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Binary Heaps

A binary heap is a type of binary tree that has its own set of rules. There are two types of binary heaps which are the max-heap and the min-heap.

Rules

The first rule the binary max-heap follows is that each node’s value must be greater than the value of all of its descendants. This means that if the node you are looking at is an 8 all following nodes must be less than 8. In a binary min-heap, each node’s value must be less than the value of all of its descendants. As you can see the rule is reversed depending on the type of binary heap you create.

Example of a Binary Max-Heap

The second rule is that a binary heap must be a complete tree. A complete tree is one that is completely filled with nodes. This means that when reading the tree left to right all nodes are there. The exception to this is that nodes on the bottom row can be missing as long as no nodes are to the right of the empty node.

To the left is an example of a complete tree missing nodes in the bottom row. To the right is an example of an incomplete tree because there are nodes to the right of the empty nodes.

Insertion

To insert a value, we create a new node and place it at the rightmost spot on the bottom level of the heap. In a max-heap, we will compare the new node with its parent and swap them if the new node is greater than the parent. This will be repeated until the new value gets a parent that is greater than itself or it is the new root node. For a min-heap it is the same process except you will be switching the values if the new node is less than the parent.

Insert 45 in a max-heap

The square here represents the rightmost spot. We will compare 45 with its parent 12. 45 is greater than 12 so we will swap them.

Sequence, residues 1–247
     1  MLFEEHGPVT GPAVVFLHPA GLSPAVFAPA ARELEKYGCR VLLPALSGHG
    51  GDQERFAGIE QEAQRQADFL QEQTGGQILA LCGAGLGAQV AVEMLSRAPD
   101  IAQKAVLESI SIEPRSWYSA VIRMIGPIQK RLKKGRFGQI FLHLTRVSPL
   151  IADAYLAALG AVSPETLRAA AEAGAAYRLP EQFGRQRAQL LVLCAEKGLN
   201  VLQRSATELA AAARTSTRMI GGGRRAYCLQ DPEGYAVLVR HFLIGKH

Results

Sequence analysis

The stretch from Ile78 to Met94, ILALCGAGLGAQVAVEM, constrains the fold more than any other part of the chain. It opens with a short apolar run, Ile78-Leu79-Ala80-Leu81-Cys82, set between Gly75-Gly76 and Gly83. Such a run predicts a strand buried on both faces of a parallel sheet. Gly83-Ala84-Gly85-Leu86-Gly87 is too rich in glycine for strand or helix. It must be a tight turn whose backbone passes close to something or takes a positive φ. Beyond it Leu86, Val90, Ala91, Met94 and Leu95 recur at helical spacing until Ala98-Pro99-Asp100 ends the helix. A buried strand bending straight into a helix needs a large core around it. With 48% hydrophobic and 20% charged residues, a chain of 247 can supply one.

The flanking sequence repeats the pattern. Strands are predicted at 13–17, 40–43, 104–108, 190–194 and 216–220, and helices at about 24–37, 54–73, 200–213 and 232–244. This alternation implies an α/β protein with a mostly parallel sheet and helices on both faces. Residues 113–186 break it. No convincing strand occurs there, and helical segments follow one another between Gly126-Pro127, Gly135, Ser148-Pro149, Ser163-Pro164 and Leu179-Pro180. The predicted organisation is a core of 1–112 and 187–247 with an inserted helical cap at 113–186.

Again compare 45 with its new parent 33. 45 is greater than 33 so we will switch them.

Lastly, we will compare 45 with its new parent 50. 50 is greater than 45 so we know that 45 is in the correct position.

Deletion

When deleting from a binary heap we will only ever delete the root node. To delete we will move the last node to the root node. This will delete the original value of the root node. If you are using a max-heap you will then compare the value of the parent with its children and swap it with the greater of the two values. This will continue until the node is in the correct spot. With a min-heap, it is the same except the parent will swap with the smallest of the two values.

Delete 50 from the max-heap

First, replace 50 with the last node in the heap.

The square is showing that that is the position the 12 came from as it was the last node in the heap.

Next, compare 12 with its children 45 and 25. We will swap 12 with 45 because it is the greater value between the two children.

Now compare 12 with its new children 20 and 33. 33 is the greatest value so we will swap 33 and 12.

We are now done because the 12 has no more children.

Use Case

A binary heap is a great option for implementing a priority queue. A priority queue is similar to a regular queue where deletion and access are the same. The difference is that the values are inserted in a specific order. A perfect example of a priority queue is the triage system used in emergency rooms. When a patient comes into the emergency room the severity of their condition is evaluated and they are added to the queue based on this. This allows the hospital to treat patients in a worse condition first. The binary heap works well for this as the root will always be the highest priority patient.

For more on the implementation of the binary heap check out this article by GeeksforGeeks.

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